2
$\begingroup$

Suppose we have a (finite) system of polynomials $P = \{ p_i \} \subseteq \mathbb{R}[x_1, \ldots, x_n]$. Then it is well known by the Nullstellensatz that either $P$ has a simultaneous zero over $\mathbb{C}^n$ or else there exists $G = \{g_i\} \subseteq \mathbb{R}[x_1, \ldots, x_n]$ such that $\sum g_i p_i = 1$.

Similarly the Positivstellensatz suggests we can also do the same over the reals; either $P$ has a simultaneous zero over $\mathbb{R}^n$ or else there exists $Q = \{ q_i\} \subseteq \mathbb{R}[x_1, \ldots, x_n]$ and $S = \{ s_i\} \subseteq \mathbb{R}[x_1, \ldots, x_n]$ such that $\sum q_i p_i = 1 + \sum s_i^2$

However, often we want to consider the boolean case where $x_j^2-x_j \in P$ for all $j \in \{1, \ldots, n\}$ or similar which automatically restricts the variety of $P$ to be real. In this case, it seems that the latter result follows from the Nullstellensatz as well, where $Q=G$ and $S$ can be taken to be the empty set.

Nevertheless it appears such a $P$ may have many different $Q,S$ where $S$ is not empty, and intuitively one would think that nonempty $S$ allows additional 'flexibility', and allows the polynomials in $Q,S$ to have lower degree when $S$ is nonempty, than when $S$ is empty. But while I have seen hints to this, I have not yet seen an explicit statement of this.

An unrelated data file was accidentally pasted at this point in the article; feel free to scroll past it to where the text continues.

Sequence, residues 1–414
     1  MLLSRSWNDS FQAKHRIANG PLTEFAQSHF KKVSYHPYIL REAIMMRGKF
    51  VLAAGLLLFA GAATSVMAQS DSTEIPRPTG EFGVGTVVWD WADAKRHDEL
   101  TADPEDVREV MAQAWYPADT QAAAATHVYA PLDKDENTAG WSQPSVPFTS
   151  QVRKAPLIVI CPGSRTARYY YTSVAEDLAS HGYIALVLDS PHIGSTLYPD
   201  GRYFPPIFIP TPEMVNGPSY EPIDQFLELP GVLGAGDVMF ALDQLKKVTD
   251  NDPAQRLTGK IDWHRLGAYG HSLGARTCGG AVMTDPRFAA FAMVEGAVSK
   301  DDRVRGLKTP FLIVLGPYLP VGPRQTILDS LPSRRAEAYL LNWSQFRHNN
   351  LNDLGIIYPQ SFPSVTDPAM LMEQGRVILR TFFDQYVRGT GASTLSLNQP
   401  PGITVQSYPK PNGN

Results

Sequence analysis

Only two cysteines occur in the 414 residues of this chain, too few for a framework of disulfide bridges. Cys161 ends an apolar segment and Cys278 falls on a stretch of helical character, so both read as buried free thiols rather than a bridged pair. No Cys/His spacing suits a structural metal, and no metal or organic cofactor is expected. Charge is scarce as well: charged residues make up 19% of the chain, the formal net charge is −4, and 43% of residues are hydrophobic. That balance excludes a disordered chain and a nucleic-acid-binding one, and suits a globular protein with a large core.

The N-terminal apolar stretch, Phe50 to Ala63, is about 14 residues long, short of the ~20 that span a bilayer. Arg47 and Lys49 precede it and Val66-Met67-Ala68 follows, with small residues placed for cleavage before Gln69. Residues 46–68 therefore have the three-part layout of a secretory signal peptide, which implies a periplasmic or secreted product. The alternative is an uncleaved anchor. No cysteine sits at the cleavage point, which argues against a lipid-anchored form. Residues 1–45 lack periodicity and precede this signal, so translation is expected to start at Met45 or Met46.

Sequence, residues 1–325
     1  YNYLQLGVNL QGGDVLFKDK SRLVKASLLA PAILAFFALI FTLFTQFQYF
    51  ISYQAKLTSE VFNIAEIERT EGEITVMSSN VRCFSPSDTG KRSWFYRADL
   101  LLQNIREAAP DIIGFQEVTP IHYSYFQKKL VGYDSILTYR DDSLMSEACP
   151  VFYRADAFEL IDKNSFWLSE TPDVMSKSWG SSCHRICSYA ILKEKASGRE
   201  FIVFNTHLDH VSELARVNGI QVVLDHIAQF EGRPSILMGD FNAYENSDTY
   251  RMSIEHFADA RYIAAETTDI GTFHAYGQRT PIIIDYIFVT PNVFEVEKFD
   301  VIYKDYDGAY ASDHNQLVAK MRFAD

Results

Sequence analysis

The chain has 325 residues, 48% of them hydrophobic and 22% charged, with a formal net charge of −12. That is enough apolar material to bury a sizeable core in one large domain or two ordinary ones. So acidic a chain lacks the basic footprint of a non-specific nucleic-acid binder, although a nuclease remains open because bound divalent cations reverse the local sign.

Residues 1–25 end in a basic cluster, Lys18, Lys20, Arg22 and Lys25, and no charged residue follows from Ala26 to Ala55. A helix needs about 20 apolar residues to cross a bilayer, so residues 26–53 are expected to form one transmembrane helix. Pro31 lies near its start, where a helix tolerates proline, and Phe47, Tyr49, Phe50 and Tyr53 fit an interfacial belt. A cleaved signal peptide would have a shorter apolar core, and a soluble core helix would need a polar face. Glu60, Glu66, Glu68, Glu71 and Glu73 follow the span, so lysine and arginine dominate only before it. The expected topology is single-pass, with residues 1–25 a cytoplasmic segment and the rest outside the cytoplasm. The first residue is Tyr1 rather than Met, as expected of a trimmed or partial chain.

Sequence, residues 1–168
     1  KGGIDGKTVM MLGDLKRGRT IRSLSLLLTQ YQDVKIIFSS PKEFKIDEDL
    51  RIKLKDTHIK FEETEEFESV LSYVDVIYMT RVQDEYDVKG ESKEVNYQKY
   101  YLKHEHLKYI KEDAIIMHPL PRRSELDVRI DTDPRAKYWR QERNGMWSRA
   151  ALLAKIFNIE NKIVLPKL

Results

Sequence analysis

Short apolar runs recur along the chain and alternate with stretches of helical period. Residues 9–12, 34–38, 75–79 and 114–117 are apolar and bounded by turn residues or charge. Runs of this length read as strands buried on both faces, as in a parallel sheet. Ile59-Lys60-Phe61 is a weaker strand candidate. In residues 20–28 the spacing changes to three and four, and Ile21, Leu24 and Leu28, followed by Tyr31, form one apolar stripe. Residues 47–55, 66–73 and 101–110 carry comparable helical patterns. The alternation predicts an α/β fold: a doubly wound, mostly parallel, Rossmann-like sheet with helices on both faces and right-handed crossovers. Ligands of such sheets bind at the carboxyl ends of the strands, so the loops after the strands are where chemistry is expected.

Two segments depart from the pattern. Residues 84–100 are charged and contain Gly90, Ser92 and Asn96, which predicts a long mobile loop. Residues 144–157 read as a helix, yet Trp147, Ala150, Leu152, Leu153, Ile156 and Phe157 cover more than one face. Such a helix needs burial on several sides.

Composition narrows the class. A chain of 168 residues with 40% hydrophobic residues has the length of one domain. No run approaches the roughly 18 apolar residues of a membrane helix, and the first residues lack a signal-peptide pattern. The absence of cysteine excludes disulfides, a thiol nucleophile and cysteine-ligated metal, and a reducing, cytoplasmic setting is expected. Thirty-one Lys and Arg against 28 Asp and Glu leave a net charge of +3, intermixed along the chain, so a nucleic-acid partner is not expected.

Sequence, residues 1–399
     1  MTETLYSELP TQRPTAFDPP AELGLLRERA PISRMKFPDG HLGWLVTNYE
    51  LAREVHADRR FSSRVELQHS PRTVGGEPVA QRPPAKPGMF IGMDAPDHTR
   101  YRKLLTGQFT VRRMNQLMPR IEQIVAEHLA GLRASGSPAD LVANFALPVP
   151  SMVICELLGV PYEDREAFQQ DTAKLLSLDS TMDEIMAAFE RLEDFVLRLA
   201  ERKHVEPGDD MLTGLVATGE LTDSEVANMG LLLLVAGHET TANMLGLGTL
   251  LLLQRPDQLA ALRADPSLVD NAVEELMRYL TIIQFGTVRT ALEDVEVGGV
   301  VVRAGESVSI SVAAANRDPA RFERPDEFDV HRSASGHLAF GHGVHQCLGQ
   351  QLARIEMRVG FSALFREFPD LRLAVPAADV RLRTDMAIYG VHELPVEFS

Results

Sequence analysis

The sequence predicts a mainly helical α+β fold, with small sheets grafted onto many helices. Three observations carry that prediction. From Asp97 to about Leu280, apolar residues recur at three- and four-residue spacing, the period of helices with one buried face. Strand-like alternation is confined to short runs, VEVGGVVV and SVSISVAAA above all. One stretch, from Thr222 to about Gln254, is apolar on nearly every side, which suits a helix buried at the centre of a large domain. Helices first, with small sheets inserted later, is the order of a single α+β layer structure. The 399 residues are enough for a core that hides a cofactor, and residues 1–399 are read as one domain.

More formally, let $\deg(G)$ be the maximal degree of a polynomial in $G$. Is it known (or is there a simple example) of a $P$ such that: $$\inf\left\{ \deg(G) \mid \sum g_i p_i = 1\right\} > \inf\left\{ \max(\deg(Q),\deg(S)) \mid \sum q_i p_i = 1 + \sum s_i^2 \right\}$$

Thanks.

$\endgroup$
3
$\begingroup$

there has been quite a bit of research done in this area, see e.g. http://www.ams.org/distribution/mmj/vol2-4-2002/grigoriev-etal.pdf

IIRC, there are examples showing that Positivstellensatz proof systems are stronger than the Nullstellensatz ones.

$\endgroup$

Your Answer

By clicking “Post Your Answer”, you agree to our terms of service, privacy policy and cookie policy

Not the answer you're looking for? Browse other questions tagged or ask your own question.